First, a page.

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Competition laws should be nationality-blind

Paris, 30 April 2003 - The International Chamber of Commerce has set out core principles that business wants covered in any multilateral agreement on competition policy under the Doha Round, arguing that competition laws should be "nationality-blind."

Apart from non-discrimination, the principles include transparency, procedural fairness and the protection of confidential information.

An ICC statement on the interaction between trade and competition policy in the World Trade Organization strikes a note of caution, stating that significant differences remain between national competition laws, and that bridging them will require time.

Stating that competition laws should not discriminate on the basis of nationality, the ICC statement - drawn up by business experts serving on its Commissions on Competition and Trade and Investment - says laws that expressly favour local as against foreign firms "distort trade and undermine the credibility of competition policy generally."

The statement added: "They risk becoming instruments of protectionism rather than a guardian of open and efficient markets." It said that any WTO competition agreement should include "an appropriately-tailored prohibition on de jure nationality-based discrimination."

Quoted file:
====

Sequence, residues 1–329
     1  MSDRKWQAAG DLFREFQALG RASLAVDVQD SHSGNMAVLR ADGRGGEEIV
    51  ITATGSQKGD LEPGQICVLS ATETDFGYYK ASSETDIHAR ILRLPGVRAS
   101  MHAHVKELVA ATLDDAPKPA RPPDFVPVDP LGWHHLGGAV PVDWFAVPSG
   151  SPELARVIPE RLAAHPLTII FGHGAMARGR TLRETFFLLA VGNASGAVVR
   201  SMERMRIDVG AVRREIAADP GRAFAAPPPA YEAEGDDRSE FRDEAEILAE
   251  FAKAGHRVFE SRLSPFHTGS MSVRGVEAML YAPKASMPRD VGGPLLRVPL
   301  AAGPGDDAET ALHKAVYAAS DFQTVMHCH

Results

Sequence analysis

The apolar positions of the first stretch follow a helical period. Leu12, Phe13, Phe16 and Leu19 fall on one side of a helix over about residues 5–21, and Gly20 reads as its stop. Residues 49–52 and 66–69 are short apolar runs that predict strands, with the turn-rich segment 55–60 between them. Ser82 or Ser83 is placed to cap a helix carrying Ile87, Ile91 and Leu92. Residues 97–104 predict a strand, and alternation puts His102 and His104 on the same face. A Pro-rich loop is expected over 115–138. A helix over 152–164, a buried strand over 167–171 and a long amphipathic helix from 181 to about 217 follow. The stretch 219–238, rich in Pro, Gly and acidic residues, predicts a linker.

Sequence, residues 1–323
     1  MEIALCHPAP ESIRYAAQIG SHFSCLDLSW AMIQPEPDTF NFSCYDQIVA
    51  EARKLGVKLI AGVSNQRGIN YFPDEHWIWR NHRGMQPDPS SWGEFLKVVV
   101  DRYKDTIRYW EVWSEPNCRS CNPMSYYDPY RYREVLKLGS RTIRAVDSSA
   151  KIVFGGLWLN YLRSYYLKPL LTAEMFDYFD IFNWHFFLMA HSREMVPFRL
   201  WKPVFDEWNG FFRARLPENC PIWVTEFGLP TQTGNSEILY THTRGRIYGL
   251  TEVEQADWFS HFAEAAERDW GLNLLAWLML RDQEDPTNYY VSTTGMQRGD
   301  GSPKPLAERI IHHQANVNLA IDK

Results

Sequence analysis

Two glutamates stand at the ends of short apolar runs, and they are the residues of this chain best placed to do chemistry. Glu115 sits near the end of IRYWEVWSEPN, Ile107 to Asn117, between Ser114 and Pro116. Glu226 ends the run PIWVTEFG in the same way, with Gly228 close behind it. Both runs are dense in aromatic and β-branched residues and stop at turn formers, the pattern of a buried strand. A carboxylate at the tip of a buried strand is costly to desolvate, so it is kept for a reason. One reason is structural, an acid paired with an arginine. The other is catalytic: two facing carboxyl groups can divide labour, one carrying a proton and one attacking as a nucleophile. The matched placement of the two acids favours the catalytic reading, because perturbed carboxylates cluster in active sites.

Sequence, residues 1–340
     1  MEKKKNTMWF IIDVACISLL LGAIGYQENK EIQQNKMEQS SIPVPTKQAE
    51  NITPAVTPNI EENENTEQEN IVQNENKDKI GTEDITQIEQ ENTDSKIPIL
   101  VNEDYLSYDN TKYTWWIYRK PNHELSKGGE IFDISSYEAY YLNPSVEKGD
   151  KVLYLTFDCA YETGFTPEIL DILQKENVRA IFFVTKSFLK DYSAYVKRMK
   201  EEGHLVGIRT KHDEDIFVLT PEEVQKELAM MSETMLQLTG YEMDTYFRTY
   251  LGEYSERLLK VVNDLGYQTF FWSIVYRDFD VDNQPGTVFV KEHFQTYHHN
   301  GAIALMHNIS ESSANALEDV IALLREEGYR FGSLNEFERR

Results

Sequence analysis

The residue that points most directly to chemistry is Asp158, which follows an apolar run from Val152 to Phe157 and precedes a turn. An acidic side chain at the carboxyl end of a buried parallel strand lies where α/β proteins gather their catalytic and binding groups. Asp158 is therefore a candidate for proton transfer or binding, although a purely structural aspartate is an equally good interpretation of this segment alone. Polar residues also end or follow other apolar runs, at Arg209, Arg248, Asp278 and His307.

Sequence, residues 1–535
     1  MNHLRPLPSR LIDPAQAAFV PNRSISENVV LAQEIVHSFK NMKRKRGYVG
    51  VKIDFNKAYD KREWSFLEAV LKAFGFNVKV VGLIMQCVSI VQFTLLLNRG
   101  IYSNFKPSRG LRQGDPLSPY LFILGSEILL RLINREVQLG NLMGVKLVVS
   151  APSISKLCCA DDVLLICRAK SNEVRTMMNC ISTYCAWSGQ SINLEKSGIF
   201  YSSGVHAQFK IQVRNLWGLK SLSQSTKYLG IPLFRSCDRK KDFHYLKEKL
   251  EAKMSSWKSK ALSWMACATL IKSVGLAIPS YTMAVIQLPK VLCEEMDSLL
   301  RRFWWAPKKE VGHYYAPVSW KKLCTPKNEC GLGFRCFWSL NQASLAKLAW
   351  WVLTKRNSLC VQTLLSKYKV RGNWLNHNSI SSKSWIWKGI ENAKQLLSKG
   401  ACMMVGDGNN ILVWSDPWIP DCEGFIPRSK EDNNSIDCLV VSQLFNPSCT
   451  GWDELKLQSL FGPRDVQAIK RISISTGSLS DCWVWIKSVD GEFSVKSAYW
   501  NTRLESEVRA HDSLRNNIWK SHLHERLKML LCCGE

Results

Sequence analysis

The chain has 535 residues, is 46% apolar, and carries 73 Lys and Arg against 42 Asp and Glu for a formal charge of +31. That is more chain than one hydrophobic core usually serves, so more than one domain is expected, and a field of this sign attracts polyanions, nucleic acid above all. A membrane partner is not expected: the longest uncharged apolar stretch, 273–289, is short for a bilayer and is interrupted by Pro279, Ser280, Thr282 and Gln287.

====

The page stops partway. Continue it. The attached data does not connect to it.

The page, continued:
On due process and transparency, the ICC statement said both principles were essential "because they provide stakeholders - the public, consumers and competitors - some assurance that the system will produce consistent and national results and generate confidence in … competition law enforcement."

ICC said it gave "full support" to increased international cooperation on the detection and punishment of hard core cartels - formed through agreements by competitors to fix prices or make rigged bids, or to establish output restrictions or quotas.

But the statement added that action against hard core cartels should not negate the need for legal safeguards and protections for parties involved in investigations, who might or might not be proved guilty.

  · Competition policy in the WTO: Doha Declaration issues